|Abortion “I think we saw on Aug. 2 the overwhelming majority of Kansans believe that a woman’s right to make private medical decisions should rest with her and not with politicians,” Kelly said. “I think they saw that amendment as serious government overreach. I believe, and always have, that a woman’s medical decisions should be made between her, her family, and her doctor, and that women should have bodily autonomy equal to that of men.”||Abortion “I am pro-life” Derek Schmidt said. “I would prefer a Kansas that has fewer abortions, not more. Obviously Kansas voters spoke to a portion of this issue in August and made the decision that any state involvement in this area is going to have to satisfy judicial scrutiny, and we have to respect that decision going forward. I do believe that, going forward, the biggest challenge will be in defending those limitations and restrictions that are already on the books. I believe they will be subject to legal challenge and I am committed to defending them going forward. The governor has made no such commitment. In fact, her views on this as much as I can tell are far out of the mainstream. I have yet to hear her articulate any restriction on access to abortion that she would support. In fact, she voted against every one that came before her when she was in the state senate and vetoed every one that landed on her desk since she’s been governor.”|
|Transgender Policies “I actually played a lot of women’s sports, and I did it pre-Title IX,” Kelly said. “The issue of fairness in women’s sports has always been in the forefront of my mind. I do believe in basic fairness, nobody should have an unfair advantage, but that’s exactly why we have governing bodies like the Kansas State High School Activities Association and the National Collegiate Athletics Association to look at cases on an individual basis, have the facts in front of them and make rulings. Derek’s claim that I support men playing in girls’ sports is just so absurd. It is not happening here in Kansas. We really do need to focus on the issues of true concern to people – our education, our economy, our healthcare access.”||Transgender Policies “I’ve been very clear on my position on this issue,” Schmidt said. “It is a matter of fundamental fairness and I do not think as a matter of law or policy that people who are biologically male ought to be competing in women’s sports. I think that is counter to the purpose of Title IX. I think that is fundamentally unfair to female athletes, and I think that ought to be the law in the state of Kansas. As I said, I would sign that Fairness of Women’s Sports act into law without hesitation. The scientific community has not yet confirmed that transgender athletes have any advantage over their cisgender peers.|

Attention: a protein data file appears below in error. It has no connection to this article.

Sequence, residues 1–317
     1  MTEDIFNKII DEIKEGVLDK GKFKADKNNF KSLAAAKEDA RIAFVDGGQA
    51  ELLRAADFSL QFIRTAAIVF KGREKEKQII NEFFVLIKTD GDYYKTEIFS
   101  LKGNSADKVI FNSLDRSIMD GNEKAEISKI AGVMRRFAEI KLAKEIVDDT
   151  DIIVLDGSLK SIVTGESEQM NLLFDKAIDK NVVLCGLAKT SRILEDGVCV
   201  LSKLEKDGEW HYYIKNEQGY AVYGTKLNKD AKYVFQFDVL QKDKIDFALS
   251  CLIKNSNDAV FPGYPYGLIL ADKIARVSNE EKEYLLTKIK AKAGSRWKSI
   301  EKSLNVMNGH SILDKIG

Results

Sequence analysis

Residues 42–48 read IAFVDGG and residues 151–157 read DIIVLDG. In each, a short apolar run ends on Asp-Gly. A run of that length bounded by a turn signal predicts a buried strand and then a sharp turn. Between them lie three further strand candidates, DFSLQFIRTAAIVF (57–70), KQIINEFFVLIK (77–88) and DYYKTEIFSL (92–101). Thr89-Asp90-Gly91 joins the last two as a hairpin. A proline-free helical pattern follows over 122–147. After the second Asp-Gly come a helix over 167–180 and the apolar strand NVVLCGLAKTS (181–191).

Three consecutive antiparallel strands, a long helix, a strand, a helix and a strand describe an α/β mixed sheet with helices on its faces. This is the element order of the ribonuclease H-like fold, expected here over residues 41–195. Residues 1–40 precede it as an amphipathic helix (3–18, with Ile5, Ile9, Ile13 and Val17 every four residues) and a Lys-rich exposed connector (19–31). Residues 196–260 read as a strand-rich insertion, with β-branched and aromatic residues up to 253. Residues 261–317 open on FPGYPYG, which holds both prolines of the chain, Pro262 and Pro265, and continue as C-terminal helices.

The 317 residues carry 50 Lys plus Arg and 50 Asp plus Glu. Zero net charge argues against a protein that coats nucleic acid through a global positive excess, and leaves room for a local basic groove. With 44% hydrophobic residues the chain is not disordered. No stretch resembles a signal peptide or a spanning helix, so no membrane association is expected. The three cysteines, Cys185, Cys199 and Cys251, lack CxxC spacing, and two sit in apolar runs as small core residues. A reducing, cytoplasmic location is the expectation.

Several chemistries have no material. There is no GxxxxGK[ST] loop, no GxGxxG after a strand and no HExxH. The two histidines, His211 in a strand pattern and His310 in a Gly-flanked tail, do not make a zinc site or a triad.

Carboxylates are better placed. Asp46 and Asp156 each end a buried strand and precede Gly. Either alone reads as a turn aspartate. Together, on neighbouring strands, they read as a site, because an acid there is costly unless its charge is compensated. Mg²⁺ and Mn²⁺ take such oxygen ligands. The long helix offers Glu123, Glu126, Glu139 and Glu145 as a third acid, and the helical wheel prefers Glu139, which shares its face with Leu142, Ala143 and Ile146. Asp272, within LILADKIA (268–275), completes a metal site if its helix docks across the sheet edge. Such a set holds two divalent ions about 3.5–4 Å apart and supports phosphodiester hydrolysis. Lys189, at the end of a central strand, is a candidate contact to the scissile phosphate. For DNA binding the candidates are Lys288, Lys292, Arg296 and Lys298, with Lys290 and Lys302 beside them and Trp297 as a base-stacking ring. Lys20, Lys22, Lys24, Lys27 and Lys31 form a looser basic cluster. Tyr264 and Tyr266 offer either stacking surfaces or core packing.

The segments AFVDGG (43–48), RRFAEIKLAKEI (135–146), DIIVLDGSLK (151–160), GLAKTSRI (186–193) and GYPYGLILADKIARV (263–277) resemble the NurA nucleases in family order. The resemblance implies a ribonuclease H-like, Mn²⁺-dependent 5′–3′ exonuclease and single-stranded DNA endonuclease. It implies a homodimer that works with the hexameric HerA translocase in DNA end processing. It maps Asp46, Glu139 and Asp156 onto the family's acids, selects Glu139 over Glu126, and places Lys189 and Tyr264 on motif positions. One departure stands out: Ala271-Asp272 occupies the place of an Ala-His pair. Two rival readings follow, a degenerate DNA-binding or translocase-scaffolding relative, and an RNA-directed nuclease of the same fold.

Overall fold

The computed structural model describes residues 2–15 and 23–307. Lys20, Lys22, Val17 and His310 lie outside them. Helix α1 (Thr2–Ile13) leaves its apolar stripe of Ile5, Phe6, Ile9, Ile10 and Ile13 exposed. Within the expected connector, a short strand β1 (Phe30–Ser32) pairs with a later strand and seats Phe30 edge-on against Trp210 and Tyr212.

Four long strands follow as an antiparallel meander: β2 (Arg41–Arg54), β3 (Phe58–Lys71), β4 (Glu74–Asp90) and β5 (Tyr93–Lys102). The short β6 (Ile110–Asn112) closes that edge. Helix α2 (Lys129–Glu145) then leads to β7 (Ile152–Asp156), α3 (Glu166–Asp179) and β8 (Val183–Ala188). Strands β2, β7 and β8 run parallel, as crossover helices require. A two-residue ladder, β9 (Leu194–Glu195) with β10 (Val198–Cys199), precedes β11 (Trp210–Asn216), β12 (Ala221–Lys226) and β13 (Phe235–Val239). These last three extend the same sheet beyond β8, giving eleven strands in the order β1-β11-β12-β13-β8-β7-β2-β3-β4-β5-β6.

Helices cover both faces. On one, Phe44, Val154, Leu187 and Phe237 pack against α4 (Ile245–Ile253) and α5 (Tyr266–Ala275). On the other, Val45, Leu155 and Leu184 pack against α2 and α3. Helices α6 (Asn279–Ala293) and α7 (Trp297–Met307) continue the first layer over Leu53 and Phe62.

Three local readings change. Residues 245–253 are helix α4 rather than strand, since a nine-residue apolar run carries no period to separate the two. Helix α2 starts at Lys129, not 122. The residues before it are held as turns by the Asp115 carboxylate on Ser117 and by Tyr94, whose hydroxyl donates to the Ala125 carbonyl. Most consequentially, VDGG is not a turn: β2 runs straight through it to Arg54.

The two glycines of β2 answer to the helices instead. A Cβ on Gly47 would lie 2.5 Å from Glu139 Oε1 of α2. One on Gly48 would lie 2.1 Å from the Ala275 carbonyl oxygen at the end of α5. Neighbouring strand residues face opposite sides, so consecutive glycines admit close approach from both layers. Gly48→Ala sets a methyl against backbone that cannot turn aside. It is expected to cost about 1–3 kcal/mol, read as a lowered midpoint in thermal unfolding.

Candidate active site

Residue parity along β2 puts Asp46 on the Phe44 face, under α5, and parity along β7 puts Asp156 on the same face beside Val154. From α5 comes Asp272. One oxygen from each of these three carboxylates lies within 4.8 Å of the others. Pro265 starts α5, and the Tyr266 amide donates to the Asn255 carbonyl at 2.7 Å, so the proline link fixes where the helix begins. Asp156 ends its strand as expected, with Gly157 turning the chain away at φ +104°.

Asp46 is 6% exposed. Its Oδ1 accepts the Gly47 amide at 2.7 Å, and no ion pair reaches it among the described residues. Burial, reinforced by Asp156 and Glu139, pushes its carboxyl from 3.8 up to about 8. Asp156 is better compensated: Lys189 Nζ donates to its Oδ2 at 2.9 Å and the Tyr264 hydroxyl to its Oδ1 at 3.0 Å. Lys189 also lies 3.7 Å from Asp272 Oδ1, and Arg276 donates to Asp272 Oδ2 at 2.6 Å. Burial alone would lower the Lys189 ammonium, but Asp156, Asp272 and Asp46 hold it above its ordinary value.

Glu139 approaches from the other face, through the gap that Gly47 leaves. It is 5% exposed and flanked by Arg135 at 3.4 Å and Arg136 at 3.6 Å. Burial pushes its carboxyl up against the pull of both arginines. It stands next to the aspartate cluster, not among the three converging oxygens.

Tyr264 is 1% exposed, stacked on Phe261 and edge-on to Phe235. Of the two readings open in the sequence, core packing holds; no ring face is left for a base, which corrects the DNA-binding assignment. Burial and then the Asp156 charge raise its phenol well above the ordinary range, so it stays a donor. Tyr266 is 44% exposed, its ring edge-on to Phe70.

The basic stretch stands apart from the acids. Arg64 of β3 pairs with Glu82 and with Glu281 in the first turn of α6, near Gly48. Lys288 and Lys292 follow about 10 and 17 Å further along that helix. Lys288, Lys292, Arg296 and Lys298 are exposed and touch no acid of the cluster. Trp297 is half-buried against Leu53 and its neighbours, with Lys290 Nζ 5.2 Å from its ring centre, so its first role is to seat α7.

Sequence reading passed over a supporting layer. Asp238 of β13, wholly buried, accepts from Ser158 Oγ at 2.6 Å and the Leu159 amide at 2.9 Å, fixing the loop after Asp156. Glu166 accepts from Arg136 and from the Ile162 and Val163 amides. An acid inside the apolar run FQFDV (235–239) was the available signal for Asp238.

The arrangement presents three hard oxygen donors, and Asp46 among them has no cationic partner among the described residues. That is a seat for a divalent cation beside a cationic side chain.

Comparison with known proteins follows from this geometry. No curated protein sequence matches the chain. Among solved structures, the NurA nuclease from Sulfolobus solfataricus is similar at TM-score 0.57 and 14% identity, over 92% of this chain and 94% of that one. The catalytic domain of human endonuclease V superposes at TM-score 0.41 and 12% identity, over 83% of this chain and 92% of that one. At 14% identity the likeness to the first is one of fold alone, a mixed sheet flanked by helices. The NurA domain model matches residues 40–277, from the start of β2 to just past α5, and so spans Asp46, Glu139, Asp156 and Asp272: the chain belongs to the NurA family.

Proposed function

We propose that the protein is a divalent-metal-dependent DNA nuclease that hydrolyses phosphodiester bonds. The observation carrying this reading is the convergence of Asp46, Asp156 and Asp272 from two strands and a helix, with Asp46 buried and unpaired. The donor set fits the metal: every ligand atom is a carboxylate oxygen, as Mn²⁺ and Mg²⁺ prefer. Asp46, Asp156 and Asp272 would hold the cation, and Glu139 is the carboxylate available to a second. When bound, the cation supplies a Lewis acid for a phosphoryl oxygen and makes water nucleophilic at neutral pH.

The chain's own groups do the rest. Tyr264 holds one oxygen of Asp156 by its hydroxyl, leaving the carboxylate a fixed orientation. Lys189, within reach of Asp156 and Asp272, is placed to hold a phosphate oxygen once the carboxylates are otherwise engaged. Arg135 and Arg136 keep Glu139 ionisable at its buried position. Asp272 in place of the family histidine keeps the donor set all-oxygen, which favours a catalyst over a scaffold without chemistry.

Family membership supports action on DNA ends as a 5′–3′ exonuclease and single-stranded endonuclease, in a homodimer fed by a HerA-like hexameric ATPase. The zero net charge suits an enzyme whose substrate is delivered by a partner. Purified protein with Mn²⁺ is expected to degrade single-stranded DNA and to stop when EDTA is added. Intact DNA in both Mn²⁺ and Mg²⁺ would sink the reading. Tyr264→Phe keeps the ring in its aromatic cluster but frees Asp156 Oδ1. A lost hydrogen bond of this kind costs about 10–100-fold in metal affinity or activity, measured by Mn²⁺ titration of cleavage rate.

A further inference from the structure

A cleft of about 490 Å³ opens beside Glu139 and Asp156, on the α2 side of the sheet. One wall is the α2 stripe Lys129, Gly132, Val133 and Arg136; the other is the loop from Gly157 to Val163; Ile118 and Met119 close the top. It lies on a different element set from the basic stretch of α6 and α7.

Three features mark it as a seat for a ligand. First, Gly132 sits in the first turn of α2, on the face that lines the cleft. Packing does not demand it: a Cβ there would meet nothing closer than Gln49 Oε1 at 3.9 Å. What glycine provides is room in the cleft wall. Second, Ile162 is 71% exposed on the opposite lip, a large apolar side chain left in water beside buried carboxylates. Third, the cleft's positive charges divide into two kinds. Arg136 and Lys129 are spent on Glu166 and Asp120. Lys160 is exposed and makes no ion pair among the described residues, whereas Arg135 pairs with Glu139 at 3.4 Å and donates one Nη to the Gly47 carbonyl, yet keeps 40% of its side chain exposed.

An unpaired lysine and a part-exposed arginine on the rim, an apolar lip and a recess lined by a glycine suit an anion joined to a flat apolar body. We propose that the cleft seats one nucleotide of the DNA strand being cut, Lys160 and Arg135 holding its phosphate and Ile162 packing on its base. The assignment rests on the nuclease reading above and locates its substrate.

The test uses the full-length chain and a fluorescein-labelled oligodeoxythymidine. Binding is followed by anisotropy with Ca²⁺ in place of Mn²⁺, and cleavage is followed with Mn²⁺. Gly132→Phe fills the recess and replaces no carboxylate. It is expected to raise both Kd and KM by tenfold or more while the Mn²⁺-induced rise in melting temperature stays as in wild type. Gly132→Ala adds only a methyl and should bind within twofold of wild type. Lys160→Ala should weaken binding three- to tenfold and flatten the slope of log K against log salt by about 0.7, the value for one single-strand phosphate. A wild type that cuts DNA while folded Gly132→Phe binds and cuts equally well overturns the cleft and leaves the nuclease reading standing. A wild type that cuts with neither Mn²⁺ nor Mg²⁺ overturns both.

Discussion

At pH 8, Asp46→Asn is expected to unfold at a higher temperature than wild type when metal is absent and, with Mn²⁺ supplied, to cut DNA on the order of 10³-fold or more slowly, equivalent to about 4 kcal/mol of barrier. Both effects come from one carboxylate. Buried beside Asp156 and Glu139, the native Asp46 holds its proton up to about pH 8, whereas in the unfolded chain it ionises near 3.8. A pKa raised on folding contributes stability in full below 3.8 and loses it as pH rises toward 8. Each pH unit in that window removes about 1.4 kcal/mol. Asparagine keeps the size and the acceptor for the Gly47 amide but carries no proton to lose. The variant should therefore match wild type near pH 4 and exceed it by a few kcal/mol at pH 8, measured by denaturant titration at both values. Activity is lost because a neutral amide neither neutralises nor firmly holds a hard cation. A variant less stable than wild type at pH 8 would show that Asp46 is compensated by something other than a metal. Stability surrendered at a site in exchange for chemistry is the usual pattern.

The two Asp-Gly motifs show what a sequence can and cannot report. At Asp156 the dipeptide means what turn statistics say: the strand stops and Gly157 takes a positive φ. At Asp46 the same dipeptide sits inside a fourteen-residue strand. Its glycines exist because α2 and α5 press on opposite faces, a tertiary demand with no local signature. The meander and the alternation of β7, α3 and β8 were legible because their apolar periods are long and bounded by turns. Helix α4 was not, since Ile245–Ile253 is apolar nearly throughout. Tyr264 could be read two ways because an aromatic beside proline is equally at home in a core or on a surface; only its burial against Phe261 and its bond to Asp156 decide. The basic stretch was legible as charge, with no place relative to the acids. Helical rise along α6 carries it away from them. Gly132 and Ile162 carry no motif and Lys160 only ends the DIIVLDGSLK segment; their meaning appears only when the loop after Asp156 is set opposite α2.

|Climate “I think you know that we landed the Panasonic Electric Battery Factory. That will go a long way to ensuring that we do move to electricity,” Kelly said. “Kansas is uniquely focused to lead the way to expanding renewable energy. We’re strong on wind, solar, biofuel, and now ever hydrogen. When I think about climate change, I really see it as a huge job creation opportunity for our state. We are doing everything in our department of commerce and department of agriculture to ensure that we’re bringing those kinds of companies to our state to further our economy but also to contribute to cleaner energy.”||Climate “I think Kansas is a wonderful place and we don’t want to be more like California,” Schmidt said. I do not think their command-and-control approach is the right way to deal with energy policy. I support an all-of-the-above energy policy.”|